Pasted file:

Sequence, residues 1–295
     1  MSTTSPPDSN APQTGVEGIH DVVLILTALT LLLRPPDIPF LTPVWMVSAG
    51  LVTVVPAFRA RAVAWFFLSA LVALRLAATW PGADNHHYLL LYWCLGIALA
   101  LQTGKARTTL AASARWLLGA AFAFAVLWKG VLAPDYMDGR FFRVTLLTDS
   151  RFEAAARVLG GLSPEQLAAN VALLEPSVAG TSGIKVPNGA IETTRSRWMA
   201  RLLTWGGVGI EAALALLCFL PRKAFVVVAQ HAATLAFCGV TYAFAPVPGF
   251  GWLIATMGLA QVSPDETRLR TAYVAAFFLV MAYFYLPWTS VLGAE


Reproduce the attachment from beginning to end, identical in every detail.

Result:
Sequence, residues 1–295
     1  MSTTSPPDSN APQTGVEGIH DVVLILTALT LLLRPPDIPF LTPVWMVSAG
    51  LVTVVPAFRA RAVAWFFLSA LVALRLAATW PGADNHHYLL LYWCLGIALA
   101  LQTGKARTTL AASARWLLGA AFAFAVLWKG VLAPDYMDGR FFRVTLLTDS
   151  RFEAAARVLG GLSPEQLAAN VALLEPSVAG TSGIKVPNGA IETTRSRWMA
   201  RLLTWGGVGI EAALALLCFL PRKAFVVVAQ HAATLAFCGV TYAFAPVPGF
   251  GWLIATMGLA QVSPDETRLR TAYVAAFFLV MAYFYLPWTS VLGAE